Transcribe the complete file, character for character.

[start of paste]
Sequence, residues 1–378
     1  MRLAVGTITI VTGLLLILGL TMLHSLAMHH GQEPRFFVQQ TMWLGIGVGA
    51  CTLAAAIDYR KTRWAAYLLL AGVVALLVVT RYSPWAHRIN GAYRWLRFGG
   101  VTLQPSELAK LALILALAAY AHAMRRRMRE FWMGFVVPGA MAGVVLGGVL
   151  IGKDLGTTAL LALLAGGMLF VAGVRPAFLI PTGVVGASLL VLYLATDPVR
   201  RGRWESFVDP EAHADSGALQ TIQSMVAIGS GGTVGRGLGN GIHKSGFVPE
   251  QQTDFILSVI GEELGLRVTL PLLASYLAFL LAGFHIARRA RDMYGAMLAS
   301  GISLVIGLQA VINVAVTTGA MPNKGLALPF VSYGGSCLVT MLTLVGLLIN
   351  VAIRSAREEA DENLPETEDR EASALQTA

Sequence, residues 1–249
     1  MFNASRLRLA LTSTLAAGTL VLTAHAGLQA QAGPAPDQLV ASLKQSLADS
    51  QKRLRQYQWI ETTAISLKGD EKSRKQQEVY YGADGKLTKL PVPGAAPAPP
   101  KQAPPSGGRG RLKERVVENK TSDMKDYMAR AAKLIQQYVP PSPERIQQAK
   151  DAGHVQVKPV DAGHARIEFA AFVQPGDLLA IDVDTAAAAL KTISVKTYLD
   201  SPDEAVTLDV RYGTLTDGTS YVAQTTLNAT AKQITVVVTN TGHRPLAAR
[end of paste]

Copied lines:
Sequence, residues 1–378
     1  MRLAVGTITI VTGLLLILGL TMLHSLAMHH GQEPRFFVQQ TMWLGIGVGA
    51  CTLAAAIDYR KTRWAAYLLL AGVVALLVVT RYSPWAHRIN GAYRWLRFGG
   101  VTLQPSELAK LALILALAAY AHAMRRRMRE FWMGFVVPGA MAGVVLGGVL
   151  IGKDLGTTAL LALLAGGMLF VAGVRPAFLI PTGVVGASLL VLYLATDPVR
   201  RGRWESFVDP EAHADSGALQ TIQSMVAIGS GGTVGRGLGN GIHKSGFVPE
   251  QQTDFILSVI GEELGLRVTL PLLASYLAFL LAGFHIARRA RDMYGAMLAS
   301  GISLVIGLQA VINVAVTTGA MPNKGLALPF VSYGGSCLVT MLTLVGLLIN
   351  VAIRSAREEA DENLPETEDR EASALQTA

Sequence, residues 1–249
     1  MFNASRLRLA LTSTLAAGTL VLTAHAGLQA QAGPAPDQLV ASLKQSLADS
    51  QKRLRQYQWI ETTAISLKGD EKSRKQQEVY YGADGKLTKL PVPGAAPAPP
   101  KQAPPSGGRG RLKERVVENK TSDMKDYMAR AAKLIQQYVP PSPERIQQAK
   151  DAGHVQVKPV DAGHARIEFA AFVQPGDLLA IDVDTAAAAL KTISVKTYLD
   201  SPDEAVTLDV RYGTLTDGTS YVAQTTLNAT AKQITVVVTN TGHRPLAAR